The Army’s Criminal Investigation Command notified the D.C. National Guard of its investigation on Tuesday, and those who were at the range on March 11 gave their statements to investigators on Thursday, one of the people said. They filled out nearly a dozen pages worth of questions about their whereabouts and recollections. Chris Grey, a spokesperson for the Army Criminal Investigation Command, confirmed that the command is investigating the missing rifle.
D.C. National Guard leaders began interviewing Guard members posted at the Capitol shortly after it was discovered that the rifle had gone missing. But the incident was not resolved, so it was then referred to the Criminal Investigation Command, known as CID — an indication that more extensive resources were needed to find the weapon, and that the Army is probing potential criminal activity.
The incident also comes as the Pentagon, under Defense Secretary Lloyd Austin, is spearheading an effort to root out extremism within the military.
The Defense Department does not take such incidents lightly. A commander and sergeant major were fired last year after their infantry battalion lost two rifles during a training exercise in December 2019 at Camp Lejeune in North Carolina, and the Naval Criminal Investigative Service was still investigating the missing rifles a year later.
Thousands of National Guard troops were dispatched to Washington from across the country after the Jan. 6 riot. The troops have been patrolling the area and erected tall fencing to extend the security perimeter — some of which has recently been taken down.
While no additional significant threats have emerged since Jan. 6, the Pentagon approved a request from the Capitol Police in early March to keep roughly 2,300 National Guard troops in Washington for the mission, about half the number that was previously deployed there. Over the next two months, the department said it would work with law enforcement to reduce the troop presence “as conditions allow.”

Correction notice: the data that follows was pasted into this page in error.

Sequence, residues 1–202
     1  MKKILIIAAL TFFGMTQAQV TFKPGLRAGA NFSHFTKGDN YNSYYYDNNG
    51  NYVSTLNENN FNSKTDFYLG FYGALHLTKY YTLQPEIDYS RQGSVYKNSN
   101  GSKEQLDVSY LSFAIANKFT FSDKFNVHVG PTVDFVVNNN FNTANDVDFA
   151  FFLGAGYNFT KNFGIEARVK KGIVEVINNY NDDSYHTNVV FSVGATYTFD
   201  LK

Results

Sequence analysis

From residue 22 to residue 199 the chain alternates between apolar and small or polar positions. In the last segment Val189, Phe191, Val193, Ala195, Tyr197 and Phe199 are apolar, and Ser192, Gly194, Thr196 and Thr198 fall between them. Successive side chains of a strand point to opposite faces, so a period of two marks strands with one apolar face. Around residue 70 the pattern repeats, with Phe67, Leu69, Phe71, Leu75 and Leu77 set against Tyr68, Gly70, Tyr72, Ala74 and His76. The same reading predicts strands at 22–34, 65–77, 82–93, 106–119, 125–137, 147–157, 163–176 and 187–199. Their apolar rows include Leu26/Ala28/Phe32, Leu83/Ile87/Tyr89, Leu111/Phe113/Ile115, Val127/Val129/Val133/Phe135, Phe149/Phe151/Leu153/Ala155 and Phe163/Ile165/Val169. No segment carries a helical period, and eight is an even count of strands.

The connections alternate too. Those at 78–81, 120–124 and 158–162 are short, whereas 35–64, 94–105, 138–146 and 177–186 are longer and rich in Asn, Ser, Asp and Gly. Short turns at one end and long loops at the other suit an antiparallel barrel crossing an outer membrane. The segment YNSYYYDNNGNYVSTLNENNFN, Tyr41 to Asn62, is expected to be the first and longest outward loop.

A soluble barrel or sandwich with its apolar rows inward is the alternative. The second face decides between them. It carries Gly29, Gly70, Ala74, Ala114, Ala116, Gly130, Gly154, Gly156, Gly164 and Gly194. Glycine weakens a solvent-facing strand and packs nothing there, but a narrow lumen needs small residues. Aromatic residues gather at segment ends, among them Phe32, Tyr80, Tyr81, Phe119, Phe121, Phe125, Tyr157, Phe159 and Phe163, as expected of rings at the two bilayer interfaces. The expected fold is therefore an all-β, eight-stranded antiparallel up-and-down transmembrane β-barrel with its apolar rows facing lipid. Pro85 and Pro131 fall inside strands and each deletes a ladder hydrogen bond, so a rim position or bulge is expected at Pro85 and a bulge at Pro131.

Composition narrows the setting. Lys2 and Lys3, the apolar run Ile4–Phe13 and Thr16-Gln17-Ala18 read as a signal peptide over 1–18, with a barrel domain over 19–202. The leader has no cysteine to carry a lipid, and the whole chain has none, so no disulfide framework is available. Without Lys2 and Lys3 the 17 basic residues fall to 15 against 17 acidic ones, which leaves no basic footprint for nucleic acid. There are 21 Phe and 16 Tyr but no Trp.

The news of the missing rifle comes as the Pentagon is already under fire from lawmakers for allegedly slow-rolling the Capitol Police’s request for additional National Guard support as the situation unfolded on Jan. 6. Maj. Gen. William Walker, commander of the D.C. National Guard who was recently tapped to be House sergeant-at-arms, testified that senior officials took hours to approve the request, concerned that the optics of National Guard troops approaching the Capitol would “inflame” the rioters.
Pentagon officials dispute that account, saying that former acting Defense Secretary Chris Miller acted promptly to address the request, but acknowledged that the approval may not have been relayed quickly to Walker.
Still, Walker testified that a faster Guard response could have helped prevent the situation from escalating.
“We could have helped extend the perimeter and push back the crowd,” Walker said.